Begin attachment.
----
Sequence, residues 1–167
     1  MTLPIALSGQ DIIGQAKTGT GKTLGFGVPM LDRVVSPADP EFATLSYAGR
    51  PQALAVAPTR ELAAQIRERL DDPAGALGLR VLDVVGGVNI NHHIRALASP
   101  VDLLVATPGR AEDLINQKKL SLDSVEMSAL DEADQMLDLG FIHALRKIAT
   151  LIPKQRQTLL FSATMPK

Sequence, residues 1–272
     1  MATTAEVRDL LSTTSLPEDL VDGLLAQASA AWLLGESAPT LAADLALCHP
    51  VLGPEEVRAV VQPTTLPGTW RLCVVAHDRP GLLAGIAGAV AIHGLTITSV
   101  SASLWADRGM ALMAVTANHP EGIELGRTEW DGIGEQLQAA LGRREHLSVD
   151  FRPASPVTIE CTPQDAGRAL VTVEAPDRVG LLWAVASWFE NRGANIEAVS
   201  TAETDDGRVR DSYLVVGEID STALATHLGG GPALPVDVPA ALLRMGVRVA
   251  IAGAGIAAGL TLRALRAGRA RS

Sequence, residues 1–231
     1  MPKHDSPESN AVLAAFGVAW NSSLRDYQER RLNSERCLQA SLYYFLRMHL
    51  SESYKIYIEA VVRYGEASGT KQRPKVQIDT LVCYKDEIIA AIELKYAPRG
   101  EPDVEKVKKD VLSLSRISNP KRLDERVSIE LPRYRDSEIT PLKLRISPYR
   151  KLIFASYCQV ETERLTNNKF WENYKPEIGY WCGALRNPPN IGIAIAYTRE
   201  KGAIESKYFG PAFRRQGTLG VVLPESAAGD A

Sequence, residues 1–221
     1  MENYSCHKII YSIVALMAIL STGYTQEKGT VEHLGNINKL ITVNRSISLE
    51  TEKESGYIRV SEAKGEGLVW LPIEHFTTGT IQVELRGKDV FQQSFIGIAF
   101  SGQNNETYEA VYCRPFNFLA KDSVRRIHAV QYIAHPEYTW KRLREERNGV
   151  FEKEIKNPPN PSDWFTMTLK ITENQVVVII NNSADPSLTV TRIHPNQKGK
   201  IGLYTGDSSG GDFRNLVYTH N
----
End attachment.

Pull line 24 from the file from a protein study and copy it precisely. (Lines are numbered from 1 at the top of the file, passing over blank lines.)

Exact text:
   201  IGLYTGDSSG GDFRNLVYTH N